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Dick Parsons Took Citi Chairman Role Out Of Guilt, Citi Still Vibrant and *Highly* Profitable Bank

Richard "Keep the Faith" Parsons is chillaxing in Hawaii this week (yes, he's there to give a speech at the University, but don't assume time for a little R&R won't be squeezed in), where he took 5 to riff on sharing responsibility for the current state of affairs up in this piece:

"Everybody participated in pumping up this balloon. Now the balloon has deflated," he said Monday. "Everybody, in reality, has some part of the blame. But it's much more in the culture to find a villain and vilify the villain."

Citi's (and his) minor role in the sitch:

Parsons said as a board member since the mid-1990s, he shares some of the responsibility "for where we find ourselves."
"That's one of the reasons I took this job," he said.

Citi's presence as a powerhouse institution:

"Any time you have these financial crises, the bad news seems to overwhelm all the good news," he said. "But within the envelope, Citigroup is still a very powerful, vibrant, highly profitable, good bank."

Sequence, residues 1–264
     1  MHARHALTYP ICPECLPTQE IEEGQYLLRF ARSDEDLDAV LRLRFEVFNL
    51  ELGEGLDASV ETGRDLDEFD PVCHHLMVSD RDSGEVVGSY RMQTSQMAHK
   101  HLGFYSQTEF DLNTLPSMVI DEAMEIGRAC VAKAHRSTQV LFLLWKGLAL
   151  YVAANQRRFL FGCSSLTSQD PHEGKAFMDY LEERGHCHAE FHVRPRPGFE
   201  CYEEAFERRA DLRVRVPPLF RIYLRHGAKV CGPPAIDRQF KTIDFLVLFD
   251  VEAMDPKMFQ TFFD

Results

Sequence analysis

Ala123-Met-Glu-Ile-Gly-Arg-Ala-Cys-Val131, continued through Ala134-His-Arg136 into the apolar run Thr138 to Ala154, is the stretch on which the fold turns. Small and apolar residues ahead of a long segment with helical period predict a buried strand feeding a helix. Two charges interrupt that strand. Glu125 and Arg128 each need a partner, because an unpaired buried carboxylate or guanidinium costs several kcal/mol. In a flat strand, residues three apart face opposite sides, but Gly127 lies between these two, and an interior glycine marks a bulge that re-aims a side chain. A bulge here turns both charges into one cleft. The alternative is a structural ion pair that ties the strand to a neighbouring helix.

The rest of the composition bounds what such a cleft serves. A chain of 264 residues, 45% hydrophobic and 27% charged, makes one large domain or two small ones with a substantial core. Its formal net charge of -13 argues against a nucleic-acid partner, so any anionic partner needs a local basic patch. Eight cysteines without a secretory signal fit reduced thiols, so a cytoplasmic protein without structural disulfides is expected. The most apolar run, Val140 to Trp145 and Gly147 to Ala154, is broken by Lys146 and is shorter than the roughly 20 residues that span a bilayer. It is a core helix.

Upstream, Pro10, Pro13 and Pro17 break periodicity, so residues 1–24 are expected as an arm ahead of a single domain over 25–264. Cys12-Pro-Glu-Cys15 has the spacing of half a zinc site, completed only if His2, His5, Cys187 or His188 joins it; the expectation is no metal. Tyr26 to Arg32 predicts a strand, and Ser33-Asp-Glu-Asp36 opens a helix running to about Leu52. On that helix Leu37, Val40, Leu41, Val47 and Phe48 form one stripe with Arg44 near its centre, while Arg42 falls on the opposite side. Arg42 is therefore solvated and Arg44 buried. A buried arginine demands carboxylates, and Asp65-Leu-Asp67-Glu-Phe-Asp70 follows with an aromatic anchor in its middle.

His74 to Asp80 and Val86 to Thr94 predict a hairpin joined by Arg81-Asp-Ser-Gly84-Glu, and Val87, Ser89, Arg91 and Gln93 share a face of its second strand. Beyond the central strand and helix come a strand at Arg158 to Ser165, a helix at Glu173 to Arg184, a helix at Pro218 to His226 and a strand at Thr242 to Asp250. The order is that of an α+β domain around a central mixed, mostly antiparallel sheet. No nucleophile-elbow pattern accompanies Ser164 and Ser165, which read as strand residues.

And potentially roughhousing the President in a pickup game:

The 6-foot-4 Parsons, who celebrated his 61st birthday on Saturday, said he may have been able to take Obama in a pickup game of one-on-one back in the day. But he isn't so confident today.
"When you get older, you have resort to a more physical form of basketball," he said. "You have to put a body on somebody and they don't like you to do that with the president."

Earlier: In Dick Parsons' Humble Opinion, Citi Is Pretty Much The Best Capitalized Bank On The Street, Inching Closer Every Day To Pandit's Goal Of Becoming The Best Company In World, Bar None


Dick Parsons Actually Gives Mike Mayo What He Wants

Is Mike Mayo the most powerful man on Wall Street, able to bend CEOs and bank chairmen to his will with the greatest of ease? If you'd asked us days ago we would have said "Well he does have a varsity analyst jacket but eh." Today? The answer is we have no idea but Dick Parsons is certainly helping make that case by not only complying with the demands of Mayo but doing so on his specified time schedule. [WSJ, Earlier: “I think that Parsons should leave in the next two weeks,” said Mayo on Feb. 23]